Antitrust banking probe widens; inspectors raid Mizrahi, Discount
The antitrust investigation into the banks widened yesterday as inspectors raided the headquarters of Israel Discount Bank and United Mizrahi Bank.
On Monday, investigators raided offices of the country's two largest banks, Hapoalim and Leumi.
Like Hapoalim and Leumi, which both denied any wrongdoing, Discount commented yesterday that it follows proper procedure, and will fully cooperate with the investigators. Mizrahi confirmed the visit by the inspectors: "It's true, they came and are asking questions. We are happy to cooperate with them."
The Antitrust Authority, led by Dror Strum, has not stated the purpose of its investigation. When it hit Hapoalim and Leumi, the inspectors were said to be looking for evidence of cartel practices on policy regarding the credit cutoff to local authorities, because banks stopped extending credit to local government - even to those councils that are financially sound - after the Knesset passed a legal amendment denying banks' their right to exercise liens on errant authorities. But the expansion of the investigation to Discount and Mizrahi indicates they may have other goals in mind.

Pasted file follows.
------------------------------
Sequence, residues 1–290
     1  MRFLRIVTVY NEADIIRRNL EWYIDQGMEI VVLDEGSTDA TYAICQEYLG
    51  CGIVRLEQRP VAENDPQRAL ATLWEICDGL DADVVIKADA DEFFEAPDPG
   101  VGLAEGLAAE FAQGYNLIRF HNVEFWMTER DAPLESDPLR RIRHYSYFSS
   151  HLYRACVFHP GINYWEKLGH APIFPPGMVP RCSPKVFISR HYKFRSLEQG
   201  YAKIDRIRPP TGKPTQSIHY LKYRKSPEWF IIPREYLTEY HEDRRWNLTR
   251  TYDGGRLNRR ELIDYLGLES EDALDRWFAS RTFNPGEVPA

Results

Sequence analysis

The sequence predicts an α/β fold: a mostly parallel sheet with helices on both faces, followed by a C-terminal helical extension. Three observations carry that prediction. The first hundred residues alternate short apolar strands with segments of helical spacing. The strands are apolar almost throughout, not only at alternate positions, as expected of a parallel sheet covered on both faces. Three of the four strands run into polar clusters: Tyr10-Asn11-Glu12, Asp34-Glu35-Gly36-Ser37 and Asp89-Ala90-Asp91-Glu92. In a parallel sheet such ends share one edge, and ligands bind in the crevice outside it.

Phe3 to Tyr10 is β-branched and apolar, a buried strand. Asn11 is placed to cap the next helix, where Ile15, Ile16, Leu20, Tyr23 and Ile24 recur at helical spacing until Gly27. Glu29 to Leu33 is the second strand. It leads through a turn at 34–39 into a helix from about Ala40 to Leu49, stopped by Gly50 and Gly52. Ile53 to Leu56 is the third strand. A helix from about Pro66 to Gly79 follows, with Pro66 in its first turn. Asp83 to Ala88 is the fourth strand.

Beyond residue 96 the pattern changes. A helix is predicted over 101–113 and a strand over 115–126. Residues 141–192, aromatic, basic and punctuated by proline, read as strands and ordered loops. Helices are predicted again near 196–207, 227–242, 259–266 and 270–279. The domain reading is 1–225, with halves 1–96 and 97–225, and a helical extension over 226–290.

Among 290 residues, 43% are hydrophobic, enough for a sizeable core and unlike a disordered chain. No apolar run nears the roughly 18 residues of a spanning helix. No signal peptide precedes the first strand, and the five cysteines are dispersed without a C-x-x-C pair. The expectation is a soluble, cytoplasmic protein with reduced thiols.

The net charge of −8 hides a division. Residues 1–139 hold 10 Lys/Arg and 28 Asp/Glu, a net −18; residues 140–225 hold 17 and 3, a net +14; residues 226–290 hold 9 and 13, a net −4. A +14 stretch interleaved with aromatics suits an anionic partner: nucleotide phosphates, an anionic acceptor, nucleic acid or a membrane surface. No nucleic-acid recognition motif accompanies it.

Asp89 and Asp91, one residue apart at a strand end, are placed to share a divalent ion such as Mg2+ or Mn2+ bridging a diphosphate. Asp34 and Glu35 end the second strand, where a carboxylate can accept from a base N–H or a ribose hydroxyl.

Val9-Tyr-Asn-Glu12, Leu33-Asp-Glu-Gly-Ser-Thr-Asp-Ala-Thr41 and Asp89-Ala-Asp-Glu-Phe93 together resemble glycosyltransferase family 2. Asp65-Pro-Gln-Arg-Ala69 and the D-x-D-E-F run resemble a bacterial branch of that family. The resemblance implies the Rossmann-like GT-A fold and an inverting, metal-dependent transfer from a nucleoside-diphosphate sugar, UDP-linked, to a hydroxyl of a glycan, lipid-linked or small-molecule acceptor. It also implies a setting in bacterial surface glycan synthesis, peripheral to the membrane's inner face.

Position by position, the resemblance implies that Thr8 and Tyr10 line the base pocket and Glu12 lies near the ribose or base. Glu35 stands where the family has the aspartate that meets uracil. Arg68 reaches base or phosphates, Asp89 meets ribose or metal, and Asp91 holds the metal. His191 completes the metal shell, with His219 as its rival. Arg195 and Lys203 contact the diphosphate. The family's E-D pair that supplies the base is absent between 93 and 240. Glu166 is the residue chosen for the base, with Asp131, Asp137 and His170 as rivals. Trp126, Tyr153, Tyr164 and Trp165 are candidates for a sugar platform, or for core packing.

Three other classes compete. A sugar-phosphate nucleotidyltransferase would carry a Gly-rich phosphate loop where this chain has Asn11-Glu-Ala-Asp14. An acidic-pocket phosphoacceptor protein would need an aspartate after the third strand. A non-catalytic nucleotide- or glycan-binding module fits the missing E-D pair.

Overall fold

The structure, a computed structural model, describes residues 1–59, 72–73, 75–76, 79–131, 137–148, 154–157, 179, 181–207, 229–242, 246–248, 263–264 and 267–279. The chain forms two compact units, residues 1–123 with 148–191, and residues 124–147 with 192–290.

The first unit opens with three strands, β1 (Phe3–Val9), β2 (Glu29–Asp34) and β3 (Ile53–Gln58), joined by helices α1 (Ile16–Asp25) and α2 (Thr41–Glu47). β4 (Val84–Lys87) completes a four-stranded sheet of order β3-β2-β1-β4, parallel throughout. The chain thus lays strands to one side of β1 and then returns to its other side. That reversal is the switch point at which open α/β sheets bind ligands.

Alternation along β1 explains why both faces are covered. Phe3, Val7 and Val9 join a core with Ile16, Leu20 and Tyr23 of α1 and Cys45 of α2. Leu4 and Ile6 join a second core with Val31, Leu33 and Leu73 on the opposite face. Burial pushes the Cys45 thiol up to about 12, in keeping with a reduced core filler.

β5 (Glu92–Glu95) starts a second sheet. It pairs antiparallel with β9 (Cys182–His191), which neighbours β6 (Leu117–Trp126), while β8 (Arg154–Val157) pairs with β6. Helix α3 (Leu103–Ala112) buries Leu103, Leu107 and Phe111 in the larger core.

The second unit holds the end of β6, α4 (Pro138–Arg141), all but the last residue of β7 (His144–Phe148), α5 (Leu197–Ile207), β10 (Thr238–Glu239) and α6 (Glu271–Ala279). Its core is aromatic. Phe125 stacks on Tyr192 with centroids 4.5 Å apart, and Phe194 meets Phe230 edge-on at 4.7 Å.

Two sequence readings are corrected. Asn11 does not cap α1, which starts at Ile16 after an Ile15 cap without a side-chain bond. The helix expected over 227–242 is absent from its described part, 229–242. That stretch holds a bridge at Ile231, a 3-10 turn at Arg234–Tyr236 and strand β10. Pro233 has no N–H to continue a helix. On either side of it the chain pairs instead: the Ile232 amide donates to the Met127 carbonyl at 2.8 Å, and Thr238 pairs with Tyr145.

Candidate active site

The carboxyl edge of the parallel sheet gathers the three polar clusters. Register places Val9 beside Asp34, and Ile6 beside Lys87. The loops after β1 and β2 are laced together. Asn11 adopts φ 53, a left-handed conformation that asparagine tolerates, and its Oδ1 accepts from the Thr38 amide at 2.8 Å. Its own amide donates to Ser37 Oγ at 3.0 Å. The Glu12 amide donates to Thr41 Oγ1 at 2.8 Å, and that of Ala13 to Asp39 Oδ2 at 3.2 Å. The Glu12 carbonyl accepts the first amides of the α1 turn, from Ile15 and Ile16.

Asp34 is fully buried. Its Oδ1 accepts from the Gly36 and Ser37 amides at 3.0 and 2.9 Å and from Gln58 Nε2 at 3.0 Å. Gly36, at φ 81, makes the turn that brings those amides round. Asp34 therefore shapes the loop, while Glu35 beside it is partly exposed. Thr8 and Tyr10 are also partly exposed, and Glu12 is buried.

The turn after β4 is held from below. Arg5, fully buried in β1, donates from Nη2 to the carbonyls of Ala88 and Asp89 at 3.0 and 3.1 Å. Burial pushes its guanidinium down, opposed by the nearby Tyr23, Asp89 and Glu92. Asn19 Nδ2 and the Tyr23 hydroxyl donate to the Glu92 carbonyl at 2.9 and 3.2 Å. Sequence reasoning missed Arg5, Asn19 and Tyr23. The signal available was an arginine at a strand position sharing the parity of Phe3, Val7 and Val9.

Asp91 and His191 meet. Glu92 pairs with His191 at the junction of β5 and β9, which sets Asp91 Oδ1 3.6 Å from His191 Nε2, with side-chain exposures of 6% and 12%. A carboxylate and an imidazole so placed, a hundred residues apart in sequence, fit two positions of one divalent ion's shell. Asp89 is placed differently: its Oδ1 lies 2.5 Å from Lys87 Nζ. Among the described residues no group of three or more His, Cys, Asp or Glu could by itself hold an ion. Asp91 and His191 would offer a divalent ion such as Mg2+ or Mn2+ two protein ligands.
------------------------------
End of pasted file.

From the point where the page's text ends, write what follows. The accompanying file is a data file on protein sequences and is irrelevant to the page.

Neither Discount nor Mizrahi are considered serious players in the credit market for the local authorities, which raises questions over the true reason behind the raids.
Teams from the Antitrust Authority are still combing through paperwork at Hapoalim and Leumi. Yesterday they also turned up at the Bank Leumi legal department, searching through the office of the department chief, attorney Nahum Bitterman.
On Tuesday, the investigators visited the offices of other top executives, including the chiefs of the two big banks' commercial departments, Shay Talmon at Bank Hapoalim and Ehud Shapira at Bank Leumi. They also collected documents from the office of Leumi business development and strategy manager Yona Fogel.
Banking sources say the antitrust commissioner mentioned only the credit cutoff to the local authorities, but the documents being taken is far wider in scope.